The reason ‘why’ is not really relevant to the question, but I’ll explain anyways
I also don’t see the point of not using THT since your IC is DIP.
I wasn’t 100% clear on the reason the OP chose this route but kinda
Why don’t you want to use a THT socket
Guys, seriously? Mass production, that’s why. Why solder 60+ pins per PCB if you can let your pcb manufactorer put them on for you. I still have enough other non SMD things like screw terminals and headers which I have to solder myself. To use SMD sockets for the 5 IC’s merely saves me some labour. If you already use SMT assembly for resistors and such, you might as well do the sockets as well right?
Now I hear you all thinking, “why not use SMD IC’s instead”? Well because my pcb supplier does either not have what I want or is too expensive. The component crisis is for real. 5 bucks for a soic mcp23017? No thanks.
I don’t expect to remove an IC after inserting it, and this allows me to purchase ICs myself. Unless if a chips proves to be defective.
…which actually takes less board space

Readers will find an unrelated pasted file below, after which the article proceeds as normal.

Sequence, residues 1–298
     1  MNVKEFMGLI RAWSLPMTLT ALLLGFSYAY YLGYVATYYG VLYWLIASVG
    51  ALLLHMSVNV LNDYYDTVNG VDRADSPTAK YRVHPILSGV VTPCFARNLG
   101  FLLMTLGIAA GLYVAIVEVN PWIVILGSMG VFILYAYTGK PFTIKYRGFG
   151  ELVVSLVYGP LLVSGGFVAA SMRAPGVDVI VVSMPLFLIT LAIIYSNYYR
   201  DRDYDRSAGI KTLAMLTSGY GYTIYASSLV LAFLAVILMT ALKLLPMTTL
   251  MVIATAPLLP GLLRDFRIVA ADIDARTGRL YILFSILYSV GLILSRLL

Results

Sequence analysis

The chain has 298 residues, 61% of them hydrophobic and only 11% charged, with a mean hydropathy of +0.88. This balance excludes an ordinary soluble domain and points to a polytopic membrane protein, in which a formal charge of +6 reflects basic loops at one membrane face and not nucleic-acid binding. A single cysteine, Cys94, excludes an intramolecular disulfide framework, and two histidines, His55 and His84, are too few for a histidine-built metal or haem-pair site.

For a change I decided to make my design more spacious. There is more than enough space to accomodate a few extra mm for the sockets
I suppose OP could bend the legs of a conventional DIP socket
Why on earth would anybody ever do this . That is propably more labour than soldering THT sockets directly.
This is the current state of the design. It is still full THT atm.
I also wanted to use SMD relais, but… sold out
That thing with the 4 pads in the bottom is an aliexpress buck converter. And that big thing next to it is an arduino nano (were really cheap… once). So in all likeliness the arduino may become a DIP IC instead of an SMD chip. Safes me from more solder labour. The prices between dip and smd don’t differ that much anymore